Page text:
- Planning a 3 day return drive home, any suggestions of must see or stay places besides the ones we hit on the way down? Been all over the northern half over the years, but want to see some of the southern parts to help plan for future expeditions...

- What are you NORRA vets thinking about on how to handle the San Felipe swing this year? Seems a tough run for the chase trucks?

Any ideas or thoughts are appreciated! Gracias!
X2! I am in the same boat, first time in Baja. Done this type of rally racing before but need lots of Baja logistics advice. Looking forward to the replies. Thanks!!

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volks 73

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This will be our 4th NORRA 1000, We use 1 chase truck, and have it take off before the car starts each stage, we have anly waited for it once for a few minets. I put a 110 gal. aux diesel tank in my pickup. We fill up with the last ULSD in Jesus Maria or Guerrero Negro, This has gotten us back to Guerro Negro or as far north as San Quintin depending how many side trips we've had to make. We run premex in the race car, we fill the car at some Premex stations, and other stops not near premex stations we fill from cans.Race fuel is available for purchase and pick in Ensenada before the race. I think they might even haul it farther down the peninsula if enough people are interested in it. We don't use a service for Hotels,my wife make all of the Hotel reservations. NORRA puts out a list of recommended Hotels, We have had good luck with what they put out. We do the return trip in 3 days with our first stop in Loreto, lots of Hotel options without reservations. Our next stop has been San Quintin. I'm also curios about what to expect with San Felipe being added. Hope this helps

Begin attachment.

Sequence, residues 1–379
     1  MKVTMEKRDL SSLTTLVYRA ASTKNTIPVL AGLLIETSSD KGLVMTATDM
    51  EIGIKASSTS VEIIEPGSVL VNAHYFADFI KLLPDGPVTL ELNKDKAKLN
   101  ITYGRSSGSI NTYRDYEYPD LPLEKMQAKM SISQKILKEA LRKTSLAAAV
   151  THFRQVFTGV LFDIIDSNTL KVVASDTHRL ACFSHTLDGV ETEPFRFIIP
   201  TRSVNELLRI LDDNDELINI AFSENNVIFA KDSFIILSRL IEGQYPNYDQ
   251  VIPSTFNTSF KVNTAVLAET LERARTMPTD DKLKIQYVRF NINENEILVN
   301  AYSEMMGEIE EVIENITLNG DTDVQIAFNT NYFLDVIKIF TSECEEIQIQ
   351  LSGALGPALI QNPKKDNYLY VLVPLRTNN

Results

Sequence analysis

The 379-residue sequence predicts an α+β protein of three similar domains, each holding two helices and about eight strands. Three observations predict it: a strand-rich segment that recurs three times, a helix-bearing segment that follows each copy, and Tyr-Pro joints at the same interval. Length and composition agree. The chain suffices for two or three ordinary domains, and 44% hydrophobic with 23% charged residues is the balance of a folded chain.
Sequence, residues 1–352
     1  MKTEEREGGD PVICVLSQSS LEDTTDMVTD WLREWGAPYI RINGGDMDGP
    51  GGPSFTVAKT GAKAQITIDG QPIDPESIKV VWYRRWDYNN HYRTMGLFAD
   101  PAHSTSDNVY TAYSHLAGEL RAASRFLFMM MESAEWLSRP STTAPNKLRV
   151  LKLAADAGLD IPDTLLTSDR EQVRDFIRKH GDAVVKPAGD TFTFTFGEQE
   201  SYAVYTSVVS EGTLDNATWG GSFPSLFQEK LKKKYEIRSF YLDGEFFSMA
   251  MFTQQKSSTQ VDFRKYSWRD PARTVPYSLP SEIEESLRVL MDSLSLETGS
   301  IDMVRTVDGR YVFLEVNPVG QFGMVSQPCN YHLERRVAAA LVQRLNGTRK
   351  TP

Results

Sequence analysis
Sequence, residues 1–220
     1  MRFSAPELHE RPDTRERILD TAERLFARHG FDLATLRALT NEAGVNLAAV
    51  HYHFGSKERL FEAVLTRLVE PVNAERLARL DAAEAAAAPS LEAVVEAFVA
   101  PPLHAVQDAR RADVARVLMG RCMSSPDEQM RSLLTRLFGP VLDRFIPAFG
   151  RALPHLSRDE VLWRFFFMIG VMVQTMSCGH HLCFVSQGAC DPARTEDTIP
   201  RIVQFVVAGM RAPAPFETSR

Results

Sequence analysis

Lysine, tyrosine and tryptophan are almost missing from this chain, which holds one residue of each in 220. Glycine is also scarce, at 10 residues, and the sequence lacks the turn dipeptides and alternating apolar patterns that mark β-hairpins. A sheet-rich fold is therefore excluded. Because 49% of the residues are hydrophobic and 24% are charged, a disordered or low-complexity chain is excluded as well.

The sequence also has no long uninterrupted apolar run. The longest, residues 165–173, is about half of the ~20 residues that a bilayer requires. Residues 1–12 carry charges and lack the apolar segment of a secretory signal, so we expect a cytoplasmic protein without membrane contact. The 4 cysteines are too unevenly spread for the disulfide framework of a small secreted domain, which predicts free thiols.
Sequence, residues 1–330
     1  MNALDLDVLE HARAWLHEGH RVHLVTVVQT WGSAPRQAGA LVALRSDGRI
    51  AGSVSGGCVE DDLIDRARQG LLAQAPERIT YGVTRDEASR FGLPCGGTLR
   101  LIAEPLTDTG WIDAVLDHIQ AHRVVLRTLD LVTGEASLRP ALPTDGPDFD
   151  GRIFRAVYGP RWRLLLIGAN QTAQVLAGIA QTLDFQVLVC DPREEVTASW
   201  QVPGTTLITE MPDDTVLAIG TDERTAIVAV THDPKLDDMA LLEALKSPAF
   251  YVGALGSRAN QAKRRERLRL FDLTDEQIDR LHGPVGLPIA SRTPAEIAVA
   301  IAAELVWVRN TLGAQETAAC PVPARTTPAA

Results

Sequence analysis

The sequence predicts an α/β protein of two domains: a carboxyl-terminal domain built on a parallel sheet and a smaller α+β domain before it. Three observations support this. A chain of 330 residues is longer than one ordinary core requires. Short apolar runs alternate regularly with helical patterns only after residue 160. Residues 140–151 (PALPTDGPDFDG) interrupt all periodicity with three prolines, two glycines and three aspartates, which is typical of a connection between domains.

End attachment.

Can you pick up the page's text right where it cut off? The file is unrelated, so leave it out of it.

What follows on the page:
Josh 8

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The only place a hotel is a issue is BoL. We ran it last year and this was only town we could not find a room other than Ensenada. We made reservations for Ensenada.

As for gas it really wasn't an issue. But in BoL they will only have 87 octane. If you need better you have to haul it in. And as normal it's always a good idea to have 5 or 10 gallons of extra fuel in the chase truck for emergency.

Last year I don't think a single stage was over 250 miles so we were able to run the entire stages with out gassing. Plus the stages start or end really close to a Pemex station. When you finish a stage simply stop at the first Pemex you see going south and you will be fine. That is if you have a 250 mile range.